If validated in future studies, these techniques can be used to enhance physicians’ clinical judgment, one researcher says.
Machine-learning models that incorporate common clinical features along with ECG findings may help identify patients who are likely to have coronary artery calcium (CAC), with potential implications for further testing and communication of risks to patients, a pilot study indicates.
Two separate models designed to predict the presence of either no coronary calcium or a high level of calcium performed well compared with conventional CT-based CAC scoring, according to findings in the recently launched European Heart Journal – Digital Health. Areas under the curve were 84% and 87%, respectively
Moreover, in a cohort of patients undergoing invasive coronary angiography, the model designed to predict the presence of high levels of calcium was able to identify patients who had increased risks of significant coronary stenosis, MACE, and revascularization over 2 years of follow-up.
“Machine-learning techniques can extract information from electrocardiographic data and clinical variables to predict CAC score categories and similarly risk-stratify patients with suspected coronary artery disease,” the investigators conclude.
Senior author Partho Sengupta, MD, MBBS (West Virginia University Heart and Vascular Institute, Morgantown), noted that even though CT-based CAC scoring is an established method for stratifying patient risk, it has limitations—it may not be available in all parts of the world and there may be concerns about radiation exposure. In some instances, too, there may be pushback from payers regarding reimbursement.
That motivated the researchers to look for other ways to predict whether a patient might have coronary calcium, which could cut down on the number of CAC scans that would ultimately have to be performed.
It never is going to replace you. It’s only going to make you better and allow you to have your clinical judgment made more accurately. Partho Sengupta
In this study, with lead authors Peter Farjo, MD, and Naveena Yanamala, PhD (West Virginia University Heart and Vascular Institute), the investigators used machine-learning approaches that incorporated clinical features and ECG findings to develop models to predict CAC score categories—specifically, Agatston scores of 0 or ≥ 400.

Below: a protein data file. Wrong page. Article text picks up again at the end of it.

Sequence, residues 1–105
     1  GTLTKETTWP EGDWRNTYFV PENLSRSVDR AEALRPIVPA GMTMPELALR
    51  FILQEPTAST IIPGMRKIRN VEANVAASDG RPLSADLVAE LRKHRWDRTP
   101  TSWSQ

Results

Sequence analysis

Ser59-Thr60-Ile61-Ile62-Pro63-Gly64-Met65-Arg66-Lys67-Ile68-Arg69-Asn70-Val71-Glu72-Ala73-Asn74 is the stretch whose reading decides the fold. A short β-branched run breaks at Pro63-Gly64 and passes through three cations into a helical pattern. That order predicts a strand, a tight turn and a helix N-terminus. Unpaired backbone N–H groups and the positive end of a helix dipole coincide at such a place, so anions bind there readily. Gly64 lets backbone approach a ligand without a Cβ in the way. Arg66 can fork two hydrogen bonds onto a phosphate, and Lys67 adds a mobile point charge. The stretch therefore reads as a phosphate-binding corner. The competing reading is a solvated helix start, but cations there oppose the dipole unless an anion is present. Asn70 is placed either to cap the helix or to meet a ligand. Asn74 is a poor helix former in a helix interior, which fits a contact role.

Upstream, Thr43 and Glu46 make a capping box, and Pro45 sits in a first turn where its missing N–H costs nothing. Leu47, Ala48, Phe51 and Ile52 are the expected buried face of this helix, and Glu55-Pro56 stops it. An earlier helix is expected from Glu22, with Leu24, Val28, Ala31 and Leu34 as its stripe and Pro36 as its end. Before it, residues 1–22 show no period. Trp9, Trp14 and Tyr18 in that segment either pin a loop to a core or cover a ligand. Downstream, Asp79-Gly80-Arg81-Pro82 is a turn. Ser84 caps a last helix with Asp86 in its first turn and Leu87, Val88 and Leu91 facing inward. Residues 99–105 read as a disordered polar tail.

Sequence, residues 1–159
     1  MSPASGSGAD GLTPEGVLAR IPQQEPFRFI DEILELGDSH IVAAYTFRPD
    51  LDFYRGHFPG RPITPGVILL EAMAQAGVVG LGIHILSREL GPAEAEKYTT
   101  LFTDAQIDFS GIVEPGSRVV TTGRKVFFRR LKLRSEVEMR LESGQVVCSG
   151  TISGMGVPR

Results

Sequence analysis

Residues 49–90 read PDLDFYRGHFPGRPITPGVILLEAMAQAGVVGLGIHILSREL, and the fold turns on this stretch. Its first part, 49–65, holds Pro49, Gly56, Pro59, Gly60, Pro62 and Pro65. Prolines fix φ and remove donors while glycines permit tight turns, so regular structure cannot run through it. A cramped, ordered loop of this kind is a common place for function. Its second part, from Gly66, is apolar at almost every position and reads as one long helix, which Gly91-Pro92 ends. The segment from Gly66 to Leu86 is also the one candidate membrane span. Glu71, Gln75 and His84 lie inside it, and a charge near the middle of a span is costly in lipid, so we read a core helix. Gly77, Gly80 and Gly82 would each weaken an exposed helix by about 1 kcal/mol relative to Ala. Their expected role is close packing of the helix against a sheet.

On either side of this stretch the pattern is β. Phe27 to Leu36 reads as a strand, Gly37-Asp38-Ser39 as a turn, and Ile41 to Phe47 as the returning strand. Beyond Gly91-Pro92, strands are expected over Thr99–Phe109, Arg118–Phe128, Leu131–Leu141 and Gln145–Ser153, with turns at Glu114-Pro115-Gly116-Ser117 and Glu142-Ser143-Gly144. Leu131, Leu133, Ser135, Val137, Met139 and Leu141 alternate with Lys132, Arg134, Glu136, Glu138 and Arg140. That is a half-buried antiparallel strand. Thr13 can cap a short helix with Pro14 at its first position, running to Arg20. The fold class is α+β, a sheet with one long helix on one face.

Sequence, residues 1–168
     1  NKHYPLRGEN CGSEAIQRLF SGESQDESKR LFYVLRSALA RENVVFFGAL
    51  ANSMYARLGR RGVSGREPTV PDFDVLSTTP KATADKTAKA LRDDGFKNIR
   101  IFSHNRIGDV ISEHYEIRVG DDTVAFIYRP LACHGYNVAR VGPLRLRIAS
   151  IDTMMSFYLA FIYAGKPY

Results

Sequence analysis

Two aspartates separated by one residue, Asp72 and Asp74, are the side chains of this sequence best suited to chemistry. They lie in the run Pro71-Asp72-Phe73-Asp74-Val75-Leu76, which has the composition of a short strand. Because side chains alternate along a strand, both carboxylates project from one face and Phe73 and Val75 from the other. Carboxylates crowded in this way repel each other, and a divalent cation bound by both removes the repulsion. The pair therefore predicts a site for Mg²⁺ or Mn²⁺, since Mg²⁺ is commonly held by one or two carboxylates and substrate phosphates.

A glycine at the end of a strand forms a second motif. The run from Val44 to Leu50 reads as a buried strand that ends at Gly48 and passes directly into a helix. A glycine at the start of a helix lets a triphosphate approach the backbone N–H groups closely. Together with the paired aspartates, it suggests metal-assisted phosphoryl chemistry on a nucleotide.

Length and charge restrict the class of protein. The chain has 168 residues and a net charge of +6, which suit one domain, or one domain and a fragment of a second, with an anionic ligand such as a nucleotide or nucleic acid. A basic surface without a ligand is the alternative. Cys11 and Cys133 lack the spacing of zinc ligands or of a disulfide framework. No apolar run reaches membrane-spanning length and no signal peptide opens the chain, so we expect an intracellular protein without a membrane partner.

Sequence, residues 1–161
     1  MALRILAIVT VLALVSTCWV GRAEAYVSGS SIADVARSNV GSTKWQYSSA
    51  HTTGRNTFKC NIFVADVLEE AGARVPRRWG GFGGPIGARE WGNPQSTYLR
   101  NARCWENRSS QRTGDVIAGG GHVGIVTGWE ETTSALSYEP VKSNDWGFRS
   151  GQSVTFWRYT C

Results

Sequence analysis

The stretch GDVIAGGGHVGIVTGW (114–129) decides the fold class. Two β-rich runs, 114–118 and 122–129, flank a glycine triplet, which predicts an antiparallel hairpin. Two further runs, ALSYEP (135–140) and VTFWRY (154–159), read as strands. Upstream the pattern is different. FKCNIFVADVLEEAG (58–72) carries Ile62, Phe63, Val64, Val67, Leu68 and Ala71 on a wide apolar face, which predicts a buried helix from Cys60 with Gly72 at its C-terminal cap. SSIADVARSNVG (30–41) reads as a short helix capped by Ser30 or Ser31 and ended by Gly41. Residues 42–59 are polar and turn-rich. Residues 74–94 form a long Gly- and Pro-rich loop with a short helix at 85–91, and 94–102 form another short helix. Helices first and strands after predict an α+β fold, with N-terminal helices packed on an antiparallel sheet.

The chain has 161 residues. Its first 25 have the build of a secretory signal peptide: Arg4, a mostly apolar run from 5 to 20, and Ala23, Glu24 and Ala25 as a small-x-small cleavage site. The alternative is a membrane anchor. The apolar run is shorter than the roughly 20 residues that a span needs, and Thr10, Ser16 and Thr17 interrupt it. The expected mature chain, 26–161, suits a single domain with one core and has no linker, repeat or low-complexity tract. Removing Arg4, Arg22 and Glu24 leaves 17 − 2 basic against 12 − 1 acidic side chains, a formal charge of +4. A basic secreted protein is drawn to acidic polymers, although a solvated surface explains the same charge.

This was done as a post hoc substudy of a prospective, multicenter trial designed to develop a machine-learning model from surface ECGs to predict the presence of diastolic dysfunction. The current analysis included 534 patients (mean age 58 years; 43% women) who underwent both CAC scoring and a 12-lead signal-processed surface ECG in the same visit.
For the model designed to predict no coronary calcium (Agatston score of 0), ECG variables were not included because they did not improve performance over the clinical features alone. This model performed had a sensitivity of 92%, specificity of 70%, and accuracy of 75%.
The model designed to predict an Agatston score of 400 or more included both clinical and ECG features. It also performed well, with a sensitivity of 91%, specificity of 75%, and accuracy of 81%.
The latter model was then tested in a separate cohort of 87 patients (mean age 60 years; 38% women) referred for invasive coronary angiography. Using a pretest probability of at least 15%, this model identified a group of patients with significantly higher rates of significant coronary artery stenosis, revascularization (particularly CABG), and MACE during a median follow-up of 2 years. This model performed better than the CAD Consortium clinical score, which did not stratify the cohort according to MACE risk.
Sengupta acknowledged that this is a pilot study, but said “there is a lot of promise that by using simple office-based features you can much better risk-stratify and then decide what are the next steps of your investigations that you would like to do.”
One potential use of these machine-learning models would be as a gatekeeper to decide which patients would need to undergo CT-based CAC scoring. “By developing these models, you can better risk-stratify and make more appropriate referral for coronary artery calcium scoring,” Sengupta said. “Only the people where there’s a higher likelihood of calcification being present would need a coronary artery calcium scan.”
But in remote locations where there is not wide availability of CAC scoring, “could you use this as a surrogate and use it for better defining the population and [guiding] more aggressive use of medical management?” Sengupta said. For instance, if a physician could tell a patient that—based on the machine-learning models—he or she has an 85% chance of having a CV event in the next 2 years, “that is powerful information to a patient, and then they may be more motivated to make lifestyle changes and take statins.”
Taking a broader view, Sengupta pointed out that there is a need to find ways to catch cardiovascular disease earlier in the process to improve patient outcomes. “If there is more precision in risk prediction, perhaps you can better [identify] those subsets of patients in the population that need to be tested and reduce the testing in those people that don’t need it,” he said, adding that that would reduce healthcare costs.
Doctors concerned that greater use of machine learning will put them out of work needn’t worry, Sengupta said. “It never is going to replace you. It’s only going to make you better and allow you to have your clinical judgment made more accurately.”
Credit: Google News